As Sochi Olympics Open, Four Gay Activists Arrested in St. Petersburg
NBC's opening coverage doesn't avoid the various controversies
A small group of activists wanted to protest the treatment of gays under current Russian law. They hoped to unfurl a banner on a bridge Friday in St. Petersburg quoting the Olympic Charter's language against discrimination. They were, instead, detained by police. The reports seem to vary. The Associated Press reports that they were rounded up by police after unfurling the banner. However, according to BuzzFeed, police stopped the protesters while they were on their way to the bridge, indicating they already knew what they were planning somehow:
An LGBT activist who witnessed the arrests told BuzzFeed from St. Petersburg that the four protestors had stopped on their way to a bridge leading to the picturesque Vasilyevskiy Ostrov neighborhood to take some pictures when they were suddenly surrounded by police cars. The arrival of the police was so sudden that activists had no idea how they had even learned of the planned protest.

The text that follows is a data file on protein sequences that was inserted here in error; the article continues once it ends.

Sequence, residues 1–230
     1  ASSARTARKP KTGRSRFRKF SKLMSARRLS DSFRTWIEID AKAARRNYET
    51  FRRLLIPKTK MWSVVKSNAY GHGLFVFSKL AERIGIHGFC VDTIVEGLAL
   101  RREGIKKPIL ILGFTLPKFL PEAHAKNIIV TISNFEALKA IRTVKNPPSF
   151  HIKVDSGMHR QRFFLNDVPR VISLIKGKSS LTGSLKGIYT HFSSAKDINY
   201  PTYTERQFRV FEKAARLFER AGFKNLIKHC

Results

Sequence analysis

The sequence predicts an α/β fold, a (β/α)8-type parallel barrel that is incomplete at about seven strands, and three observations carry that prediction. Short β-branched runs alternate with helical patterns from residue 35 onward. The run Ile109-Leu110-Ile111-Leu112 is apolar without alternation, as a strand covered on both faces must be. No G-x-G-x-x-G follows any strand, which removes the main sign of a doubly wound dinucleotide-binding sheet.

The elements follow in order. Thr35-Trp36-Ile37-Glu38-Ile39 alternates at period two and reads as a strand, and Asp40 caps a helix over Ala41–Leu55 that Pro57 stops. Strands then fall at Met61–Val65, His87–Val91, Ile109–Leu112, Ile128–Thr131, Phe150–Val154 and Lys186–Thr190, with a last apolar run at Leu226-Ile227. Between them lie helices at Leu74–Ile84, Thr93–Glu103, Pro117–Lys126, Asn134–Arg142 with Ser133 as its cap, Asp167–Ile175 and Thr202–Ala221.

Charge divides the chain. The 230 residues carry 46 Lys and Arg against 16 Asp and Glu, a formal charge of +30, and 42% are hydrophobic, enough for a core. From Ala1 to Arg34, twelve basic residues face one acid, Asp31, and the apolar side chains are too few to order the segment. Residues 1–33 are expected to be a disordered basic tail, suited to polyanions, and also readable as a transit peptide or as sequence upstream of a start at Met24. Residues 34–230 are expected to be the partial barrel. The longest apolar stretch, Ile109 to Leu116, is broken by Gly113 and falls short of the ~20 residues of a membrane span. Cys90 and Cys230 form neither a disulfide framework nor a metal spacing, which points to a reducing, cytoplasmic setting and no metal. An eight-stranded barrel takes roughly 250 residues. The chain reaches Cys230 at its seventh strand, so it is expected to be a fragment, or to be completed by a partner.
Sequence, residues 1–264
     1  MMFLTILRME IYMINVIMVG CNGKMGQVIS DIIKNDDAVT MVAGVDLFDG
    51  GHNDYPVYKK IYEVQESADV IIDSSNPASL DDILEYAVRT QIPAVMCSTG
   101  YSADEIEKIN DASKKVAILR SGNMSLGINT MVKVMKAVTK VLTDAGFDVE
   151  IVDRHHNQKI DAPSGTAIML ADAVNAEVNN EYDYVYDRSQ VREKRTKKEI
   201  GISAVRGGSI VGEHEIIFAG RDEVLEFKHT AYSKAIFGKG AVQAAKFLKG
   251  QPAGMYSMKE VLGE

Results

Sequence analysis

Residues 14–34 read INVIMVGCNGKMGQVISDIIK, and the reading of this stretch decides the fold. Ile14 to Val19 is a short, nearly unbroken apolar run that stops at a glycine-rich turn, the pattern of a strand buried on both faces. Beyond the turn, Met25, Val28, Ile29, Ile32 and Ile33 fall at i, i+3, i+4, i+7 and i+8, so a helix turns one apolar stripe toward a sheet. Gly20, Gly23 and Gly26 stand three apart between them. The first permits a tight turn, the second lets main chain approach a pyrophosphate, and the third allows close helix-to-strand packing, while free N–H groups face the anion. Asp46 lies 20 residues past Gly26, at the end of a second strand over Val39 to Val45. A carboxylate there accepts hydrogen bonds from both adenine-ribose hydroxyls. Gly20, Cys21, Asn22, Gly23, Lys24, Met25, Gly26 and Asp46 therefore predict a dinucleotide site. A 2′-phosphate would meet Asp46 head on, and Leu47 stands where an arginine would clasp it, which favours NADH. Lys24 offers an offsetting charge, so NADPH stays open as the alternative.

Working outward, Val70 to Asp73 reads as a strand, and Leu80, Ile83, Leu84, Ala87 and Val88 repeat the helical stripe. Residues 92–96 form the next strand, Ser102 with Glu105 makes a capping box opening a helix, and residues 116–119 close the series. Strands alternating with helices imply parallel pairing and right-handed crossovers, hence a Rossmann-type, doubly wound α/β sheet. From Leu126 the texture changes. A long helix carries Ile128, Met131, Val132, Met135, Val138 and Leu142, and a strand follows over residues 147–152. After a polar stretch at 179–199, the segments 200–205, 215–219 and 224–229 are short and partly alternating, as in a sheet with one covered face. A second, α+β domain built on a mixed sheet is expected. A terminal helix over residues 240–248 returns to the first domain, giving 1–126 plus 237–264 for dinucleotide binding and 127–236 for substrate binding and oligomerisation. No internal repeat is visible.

"Either the phones are being listened to or maybe there are cameras all over the city; only a few people knew about this action," said the activist, who asked to remain anonymous out of fear for her safety.
The activists involved knew there was a risk of arrest, but didn't expect a confrontation with police officers until they reached the bridge, the activist added.
I guess even Russians can still be surprised at how much the government is monitoring them.
Though the Olympics officially open tonight, a major expansion in the number of events prompted competition and coverage to begin Thursday. Observers wondered how much NBC would be willing to discuss the various controversies surrounding the Olympics. It turned out they were indeed quite willing, at least at the moment while the schedule isn't too hectic. Announcer Bob Costas brought up the anti-gay controversy almost immediately in the introduction of the evening's coverage and later brought out experts David Remnick and Vladimir Pozner to discuss the political landscape. The pair of them make the very important points that: One, Vladimir Putin cares about how the Russians evaluate the success of the Olympics, not America or Europe (terrorism is his major concern, not activism); and two, the vast majority of Russian people really, really, really don't like the gays. Watch the interview here.